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Using examples from work experience describe how policies and procedures promote health; safety and security in the health and social care workplace.

Extracts from this document...

Introduction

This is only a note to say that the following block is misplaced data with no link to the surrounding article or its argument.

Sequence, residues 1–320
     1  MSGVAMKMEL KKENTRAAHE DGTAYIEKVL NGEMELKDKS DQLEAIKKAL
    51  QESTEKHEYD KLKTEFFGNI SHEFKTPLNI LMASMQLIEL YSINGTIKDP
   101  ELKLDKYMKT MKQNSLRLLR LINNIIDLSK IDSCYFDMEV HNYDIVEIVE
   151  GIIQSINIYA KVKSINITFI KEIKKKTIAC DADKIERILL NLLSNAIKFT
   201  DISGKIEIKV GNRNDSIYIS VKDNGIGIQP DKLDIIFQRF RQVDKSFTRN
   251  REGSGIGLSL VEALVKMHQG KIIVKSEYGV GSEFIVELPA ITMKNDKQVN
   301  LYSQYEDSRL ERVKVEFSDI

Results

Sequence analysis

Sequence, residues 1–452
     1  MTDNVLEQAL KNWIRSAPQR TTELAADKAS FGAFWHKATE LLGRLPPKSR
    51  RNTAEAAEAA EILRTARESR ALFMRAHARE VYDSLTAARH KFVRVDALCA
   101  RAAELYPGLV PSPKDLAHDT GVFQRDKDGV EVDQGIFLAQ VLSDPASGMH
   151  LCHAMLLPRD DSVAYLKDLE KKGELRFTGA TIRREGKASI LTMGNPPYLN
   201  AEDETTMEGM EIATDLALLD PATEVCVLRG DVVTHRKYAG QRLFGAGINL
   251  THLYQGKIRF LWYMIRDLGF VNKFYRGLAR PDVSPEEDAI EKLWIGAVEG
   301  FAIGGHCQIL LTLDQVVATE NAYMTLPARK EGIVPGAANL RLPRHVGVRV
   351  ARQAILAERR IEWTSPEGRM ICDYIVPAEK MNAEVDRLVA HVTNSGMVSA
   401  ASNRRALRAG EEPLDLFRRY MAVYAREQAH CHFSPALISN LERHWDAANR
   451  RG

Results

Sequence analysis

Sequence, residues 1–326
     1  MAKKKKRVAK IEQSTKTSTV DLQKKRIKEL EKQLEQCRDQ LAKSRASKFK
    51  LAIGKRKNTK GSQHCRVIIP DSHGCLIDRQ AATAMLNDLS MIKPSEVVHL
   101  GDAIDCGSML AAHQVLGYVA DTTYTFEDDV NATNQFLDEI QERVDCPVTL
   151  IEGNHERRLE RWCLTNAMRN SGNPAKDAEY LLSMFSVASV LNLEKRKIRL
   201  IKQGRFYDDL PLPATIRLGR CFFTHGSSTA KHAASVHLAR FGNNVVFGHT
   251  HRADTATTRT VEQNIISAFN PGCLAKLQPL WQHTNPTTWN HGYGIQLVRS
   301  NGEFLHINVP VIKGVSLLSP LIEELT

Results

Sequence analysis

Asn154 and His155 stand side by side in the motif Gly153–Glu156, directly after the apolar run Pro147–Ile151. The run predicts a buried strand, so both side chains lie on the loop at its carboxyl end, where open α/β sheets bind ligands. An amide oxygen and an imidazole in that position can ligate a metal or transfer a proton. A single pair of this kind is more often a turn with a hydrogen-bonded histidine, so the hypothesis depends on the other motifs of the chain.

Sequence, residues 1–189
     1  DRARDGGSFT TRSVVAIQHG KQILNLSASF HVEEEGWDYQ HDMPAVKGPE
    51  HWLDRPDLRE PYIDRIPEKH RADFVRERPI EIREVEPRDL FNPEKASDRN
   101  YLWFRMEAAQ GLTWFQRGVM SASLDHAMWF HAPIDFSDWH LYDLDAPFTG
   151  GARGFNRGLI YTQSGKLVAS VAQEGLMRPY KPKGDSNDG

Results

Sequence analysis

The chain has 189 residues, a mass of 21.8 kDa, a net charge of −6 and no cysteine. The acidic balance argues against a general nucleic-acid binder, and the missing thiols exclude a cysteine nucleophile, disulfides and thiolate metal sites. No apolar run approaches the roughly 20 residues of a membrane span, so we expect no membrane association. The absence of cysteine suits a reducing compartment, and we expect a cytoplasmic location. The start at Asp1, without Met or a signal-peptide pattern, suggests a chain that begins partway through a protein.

Page 2 Introductions Page 3 P3 Using examples from work experience describe how policies and procedures promote health; safety and security in the health and social care workplace. Page 5 P4 Examine the roles and responsibilities of key people in the promotion of health; safety and security in a health and social care setting. Page 8 M1 Explain how legislation, policies and procedures are used to promote the health, safety and security of individuals in the health and social care workplace. Page 11 D1 Using examples from work experience evaluate the effectiveness of policies and procedures for promoting health, safety and security. Page 14 Bibliographies This assessment is about health and safety and it will look at how various legislations and policies are used to promote good practice. It will mainly be about my own place of work but it will be focusing on all other health and social care settings. Image 1 Items/objects associated with health and safety P3 Using examples from work experience describe how policies and procedures promote health; safety and security in the Health and Social care workplace. My work placement is in a care/nursing home and they have many policies and procedures in place, which all employees have to adhere to. They have there own policy (see appendix 1) on COSHH (control of substances hazardous to health), which was written in accordance with the COSHH Regulations Act 2002. They have other policies such as fire regulations; manual handling, food safety and employment policies all of which are vital in this type of environment. The company also has some policies in place that visitors and other outside organisations have to abide by such as using the alcohol gel and general safety. All of the policies can be found in a selection of files that are kept in the manager's office. I have also included their own policy (see appendix 2) ...read more.